The Art of Growing Old: Aging with Grace (Hardcover)
A groundbreaking approach to aging from one of France's best- known clinical psychologists.
How should we accept growing old? It's an inevitable progression and yet in Western society the very subject of aging is often taboo and shrouded in anxiety and shame. Not anymore, says Marie de Hennezel, an internationally renowned clinical psychologist and bestselling author. Now that our lives are longer and richer than ever before, it's imperative to demystify our greatest fear and cultivate a positive awareness of aging.
In this timely and essential book, de Hennezel offers a fresh perspective on the art of growing old. She confronts head-on the inevitable grief we sustain at the loss of our youth and explains how refusing to age and move forward in life is actually what makes us become old. Combining personal anecdotes with psychological theory, philosophy, and eye-opening scientific research from around the world, she shows why we should look forward to embracing everything aging has to offer in terms of human and spiritual enrichment. The Art of Growing Old is a thought-provoking, brave, and uplifting meditation on the later years as they should be lived.
About the Author
Marie de Hennezel has spearheaded numerous national health initiatives in France over the last decade and regularly presents seminars on the art of aging well. She is the author of ten previous books, including the international bestseller Intimate Death, and is a recipient of the Legion of Honor Award.
Praise for The Art of Growing Old: Aging with Grace…
“In this passionate book, de Hennezel takes on Western culture’s obsession with youth. She sets the record straight about the realities of aging and helps readers learn to embrace the work of growing old…. Drawing on literature, film, academia, and numerous interviews with seniors, de Hennezel combines anecdotes with psychological theory, philosophy, and research to present a refreshing take on everything that becoming older can offer. This will appeal to fans of Karl Pillemer’s 30 Lessons for Living: Tried and True Advice from the Wisest Americans and Elisabeth Kübler-Ross’s work. Highly recommended.”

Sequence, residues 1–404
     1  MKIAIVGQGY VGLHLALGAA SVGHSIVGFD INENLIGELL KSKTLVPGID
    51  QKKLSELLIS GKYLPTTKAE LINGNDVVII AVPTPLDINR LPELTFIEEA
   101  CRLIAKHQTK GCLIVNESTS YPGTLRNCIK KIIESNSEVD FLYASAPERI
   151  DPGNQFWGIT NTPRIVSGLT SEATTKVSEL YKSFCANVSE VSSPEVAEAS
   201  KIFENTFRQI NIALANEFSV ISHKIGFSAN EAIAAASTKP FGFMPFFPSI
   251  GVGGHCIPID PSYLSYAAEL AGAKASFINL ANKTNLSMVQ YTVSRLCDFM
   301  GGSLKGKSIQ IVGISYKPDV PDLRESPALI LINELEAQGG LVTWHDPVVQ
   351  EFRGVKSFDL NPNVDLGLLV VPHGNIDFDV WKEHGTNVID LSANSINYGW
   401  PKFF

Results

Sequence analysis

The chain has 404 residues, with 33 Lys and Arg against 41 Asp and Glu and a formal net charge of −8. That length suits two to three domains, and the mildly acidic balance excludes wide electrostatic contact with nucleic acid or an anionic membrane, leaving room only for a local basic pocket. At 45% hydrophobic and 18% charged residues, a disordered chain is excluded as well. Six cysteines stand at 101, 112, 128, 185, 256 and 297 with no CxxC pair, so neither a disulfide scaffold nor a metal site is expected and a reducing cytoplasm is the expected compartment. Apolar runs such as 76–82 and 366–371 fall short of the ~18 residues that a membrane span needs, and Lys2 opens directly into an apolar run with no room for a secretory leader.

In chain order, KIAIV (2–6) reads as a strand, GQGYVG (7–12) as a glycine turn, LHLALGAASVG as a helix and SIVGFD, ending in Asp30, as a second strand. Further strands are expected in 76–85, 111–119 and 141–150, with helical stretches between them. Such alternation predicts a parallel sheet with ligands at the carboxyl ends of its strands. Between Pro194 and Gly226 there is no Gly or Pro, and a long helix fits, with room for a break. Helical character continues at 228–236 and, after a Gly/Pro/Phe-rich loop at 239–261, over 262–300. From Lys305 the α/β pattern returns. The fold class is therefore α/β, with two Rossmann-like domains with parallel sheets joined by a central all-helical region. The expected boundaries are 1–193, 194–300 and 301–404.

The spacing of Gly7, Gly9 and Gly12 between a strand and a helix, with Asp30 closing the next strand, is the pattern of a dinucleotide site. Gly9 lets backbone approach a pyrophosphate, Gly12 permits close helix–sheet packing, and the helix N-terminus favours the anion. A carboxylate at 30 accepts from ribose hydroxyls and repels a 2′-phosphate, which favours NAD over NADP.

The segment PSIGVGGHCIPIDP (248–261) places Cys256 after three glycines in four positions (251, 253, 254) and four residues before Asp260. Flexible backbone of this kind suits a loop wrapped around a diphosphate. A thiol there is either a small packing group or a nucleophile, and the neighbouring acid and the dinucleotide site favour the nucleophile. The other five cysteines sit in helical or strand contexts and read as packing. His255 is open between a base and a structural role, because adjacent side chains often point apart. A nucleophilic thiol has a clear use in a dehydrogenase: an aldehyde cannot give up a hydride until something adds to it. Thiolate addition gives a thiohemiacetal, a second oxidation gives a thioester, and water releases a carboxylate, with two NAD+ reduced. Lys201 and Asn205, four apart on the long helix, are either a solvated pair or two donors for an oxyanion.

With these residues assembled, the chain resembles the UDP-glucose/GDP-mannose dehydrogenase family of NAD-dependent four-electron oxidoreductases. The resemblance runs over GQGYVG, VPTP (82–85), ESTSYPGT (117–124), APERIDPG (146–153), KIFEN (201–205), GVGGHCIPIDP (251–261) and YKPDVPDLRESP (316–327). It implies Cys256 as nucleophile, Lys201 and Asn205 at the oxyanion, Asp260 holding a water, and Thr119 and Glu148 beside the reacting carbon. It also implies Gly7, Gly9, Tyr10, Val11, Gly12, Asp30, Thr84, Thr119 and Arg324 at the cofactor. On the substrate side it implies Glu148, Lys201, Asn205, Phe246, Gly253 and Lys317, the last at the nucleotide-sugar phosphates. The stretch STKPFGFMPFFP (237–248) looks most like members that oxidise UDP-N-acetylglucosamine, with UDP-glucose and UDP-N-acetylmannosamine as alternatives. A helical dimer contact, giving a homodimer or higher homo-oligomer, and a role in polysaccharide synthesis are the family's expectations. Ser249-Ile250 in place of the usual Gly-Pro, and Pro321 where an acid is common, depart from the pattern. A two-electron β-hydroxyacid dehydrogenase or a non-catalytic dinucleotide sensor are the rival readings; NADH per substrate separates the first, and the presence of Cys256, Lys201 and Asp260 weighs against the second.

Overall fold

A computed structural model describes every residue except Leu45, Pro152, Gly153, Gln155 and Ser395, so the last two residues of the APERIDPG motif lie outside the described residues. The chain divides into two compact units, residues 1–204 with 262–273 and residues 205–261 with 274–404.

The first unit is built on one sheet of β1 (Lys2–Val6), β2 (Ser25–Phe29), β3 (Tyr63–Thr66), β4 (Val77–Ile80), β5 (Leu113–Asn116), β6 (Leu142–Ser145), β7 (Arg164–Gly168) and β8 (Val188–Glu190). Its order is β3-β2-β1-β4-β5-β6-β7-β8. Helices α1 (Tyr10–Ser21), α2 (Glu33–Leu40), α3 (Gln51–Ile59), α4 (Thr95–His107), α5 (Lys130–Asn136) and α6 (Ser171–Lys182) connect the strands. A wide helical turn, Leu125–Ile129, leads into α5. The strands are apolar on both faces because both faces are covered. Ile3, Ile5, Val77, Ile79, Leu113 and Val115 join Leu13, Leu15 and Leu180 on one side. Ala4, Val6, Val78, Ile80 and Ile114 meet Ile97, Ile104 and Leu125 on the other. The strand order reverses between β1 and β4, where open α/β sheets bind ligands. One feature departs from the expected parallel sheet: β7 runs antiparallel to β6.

“This is a subject which all of us deal with, or hope to, and the author’s a wise guide on our shared pilgrimage. Neither a Pollyanna nor Cassandra, Marie de Hennezel has written an inspiring text, and one that crosses the Atlantic with scarcely a hitch in its stride: The Art of Growing Old takes as its target audience humanity itself. A luminescent book.”
—Nicholas Delbanco, author of Lastingness: The Art of Old Age
“The [Art of Growing Old] is both a gift and a guide for all of us since aging is, of course, a guaranteed part of our lives. Marie de Hennezel shows us that the true Fountain of Youth lies within, but its waters do not make us younger but open our eyes to the possibilities for growth that lie ahead as we get older. She explains how we are capable of transforming ourselves through action, acceptance and love which we gain not in spite of growing older but because of it. De Hennezel is both a poet and a prophet of the aging process, and we all would do better by hearkening to her words.”